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Following our eye-opening conference with The Royal Society of Medicine on 22nd January 2018 to
“Some of the most terrible facial injuries I have ever had to deal with have
Professor Iain Hutchison spoke to the BBC about the use of 3D printed models to
Professor Iain Hutchison features in The Guinea Pig Club documentary on BBC Four.
Professor Iain Hutchison presented his lecture on the Saving Faces Art Project on 15 April
Professor Hutchison opens his home to the Telegraph for a whirlwind tour of his life
Tambu Makinzi is a 27 year old mum of one from Zimbabwe and lives in
For those who missed out the first time, the BBC radio 4 programme, One to
In an open letter to The Telegraph, a group of prominent surgeons, including Saving Faces’
Pioneering surgeons at The Royal London Hospital are repairing our broken cyclists. Rosamund Urwin speaks
Jenna Corbin, works as a paralegal and charity volunteer. She also has a large and
The launch of The National Facial, Oral and Oculoplastic Research Centre (NFORC) was featured in
Professor Iain Hutchison’s editorial for the British Dental Journal to coincide with Mouth Cancer Action
Why do we react to “disgusting” stimuli, the way we do? Professor Iain Hutchison joins
One of our supporters, Josh, features in the Embarrassing Bodies, Stand Up to Cancer special
Professor Iain Hutchison speaks on US-based podcast, Morning Stories, about his work and Saving Faces.
In 2010, Lynda French suffered a terrible car accident which left her skull split in
“For three years, she had to put up with cruel taunts because of a condition
As surgeons prepare for the first British face transplant, Laura Donnelly of the Telegraph examines
Saving Faces patient, Graham Hall has been hailed as “an inspiration” in the Eversham Journal.
Saving Faces was featured in episode 9 of Celebrity Quitters, the Channel Five series in
The story of Jose Mestre from Portugal attracted considerable media attention after Professor Iain Hutchison
The Saving Faces debate on The Face and Reconstruction which took place on 4 March
Facial reconstruction is making great advances, and may soon enter the realm of science fiction.
Prof Iain Hutchison talks to Barbara Myers in a radio phone-in on oral health.
Reproduced from The Times. 25th February 2006. Kelly Smith, 21, lives in Yorkshire. Aged 15,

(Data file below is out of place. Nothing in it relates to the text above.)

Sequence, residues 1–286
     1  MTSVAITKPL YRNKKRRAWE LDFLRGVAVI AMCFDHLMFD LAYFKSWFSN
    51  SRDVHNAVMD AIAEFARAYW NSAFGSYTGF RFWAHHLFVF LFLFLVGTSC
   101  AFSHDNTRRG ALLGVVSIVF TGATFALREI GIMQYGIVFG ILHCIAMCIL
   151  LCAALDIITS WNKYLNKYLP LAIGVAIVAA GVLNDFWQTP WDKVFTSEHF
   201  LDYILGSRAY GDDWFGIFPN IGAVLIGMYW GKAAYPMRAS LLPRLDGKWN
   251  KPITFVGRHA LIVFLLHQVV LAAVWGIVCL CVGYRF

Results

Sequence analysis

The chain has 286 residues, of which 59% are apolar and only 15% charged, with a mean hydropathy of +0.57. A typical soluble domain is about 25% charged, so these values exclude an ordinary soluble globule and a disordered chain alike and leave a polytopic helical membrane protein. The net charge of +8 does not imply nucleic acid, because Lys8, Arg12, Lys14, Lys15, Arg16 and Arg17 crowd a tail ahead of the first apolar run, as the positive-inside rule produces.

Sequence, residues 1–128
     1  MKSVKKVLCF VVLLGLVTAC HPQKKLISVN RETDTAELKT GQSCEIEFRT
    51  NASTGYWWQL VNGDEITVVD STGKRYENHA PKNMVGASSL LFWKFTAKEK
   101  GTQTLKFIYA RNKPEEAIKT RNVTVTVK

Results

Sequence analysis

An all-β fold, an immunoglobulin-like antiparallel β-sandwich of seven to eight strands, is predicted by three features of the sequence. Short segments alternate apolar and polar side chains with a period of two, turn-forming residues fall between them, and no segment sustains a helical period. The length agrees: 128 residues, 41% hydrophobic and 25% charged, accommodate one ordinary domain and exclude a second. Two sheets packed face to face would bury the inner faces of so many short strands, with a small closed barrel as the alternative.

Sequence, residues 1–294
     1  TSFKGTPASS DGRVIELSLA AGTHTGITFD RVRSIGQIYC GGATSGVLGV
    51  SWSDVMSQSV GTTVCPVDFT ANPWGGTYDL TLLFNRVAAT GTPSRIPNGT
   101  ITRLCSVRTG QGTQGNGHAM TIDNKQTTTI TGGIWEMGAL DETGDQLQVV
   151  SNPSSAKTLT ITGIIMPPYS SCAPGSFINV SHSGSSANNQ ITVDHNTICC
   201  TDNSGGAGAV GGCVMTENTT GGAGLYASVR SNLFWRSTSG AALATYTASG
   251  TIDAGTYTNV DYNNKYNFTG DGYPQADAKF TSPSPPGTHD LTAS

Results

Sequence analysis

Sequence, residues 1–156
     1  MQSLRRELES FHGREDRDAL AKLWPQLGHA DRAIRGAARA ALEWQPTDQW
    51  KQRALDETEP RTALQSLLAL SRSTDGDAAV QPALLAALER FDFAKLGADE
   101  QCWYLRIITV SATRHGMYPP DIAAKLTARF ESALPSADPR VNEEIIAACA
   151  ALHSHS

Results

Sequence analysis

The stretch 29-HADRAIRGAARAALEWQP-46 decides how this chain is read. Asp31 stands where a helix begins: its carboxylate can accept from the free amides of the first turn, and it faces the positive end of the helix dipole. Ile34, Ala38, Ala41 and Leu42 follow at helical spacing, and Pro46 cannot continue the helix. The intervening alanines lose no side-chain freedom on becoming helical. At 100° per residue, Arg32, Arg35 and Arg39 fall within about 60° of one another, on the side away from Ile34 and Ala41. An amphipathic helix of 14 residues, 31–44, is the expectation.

Steve Clarke from Tabor School in Braintree, Essex talked about the Saving Faces smoking project
The British Medical Journal Careers section, tells us what it takes to become an oral
Prof Iain Hutchison comments on face transplants for The Independent’s, Independent Voices section.
Iain Hutchison, Chief Executive of Saving Faces, comments on the research findings published by a
Iain Hutchison, Chief Executive of Saving Faces, comments on the success of the world’s first
Chief Executive Iain Hutchison comments on the advances of computer technology which could revolutionise facial
When you look in the mirror you don’t just see a face. You see you.
The launch of Saving Faces – The Facial Surgery Research Foundation in 2000 by Chief
Saving Faces very own Professor Iain Hutchison has the spotlight shone in The Sunday Times
“From bad breath to a numb tongue and tight lips, oral health can be a
Chief Executive Iain Hutchison was featured in BBC Ouch!, which is a blog by the
Barbara Alves was working as a model when a flesh-eating disease ravaged her face. As
Reproduced from The Times, 8th of October 2002. “De Lotbinière refused to be cast down
The Saving Faces Art Project was featured in one of the world’s most renowned papers,
For years, the portrait painter Mark Gilbert had no qualms about disappointing his sitters in
“When Constance was told she had cancer of the mouth she thought she would be
“Nearly 4,000 people in Britain are diagnosed with mouth cancer every year, and it kills
The Saving Faces Art Project in collaboration with BP National Portrait award winning artist, Mark
From the breast to the brain, and the lung to the prostate, it’s hard to
We value beauty so highly that living with disfigured features can be unbearable. Angela Neustatter
For more than a year, Antonia Danby draped her hair over her right eye. She
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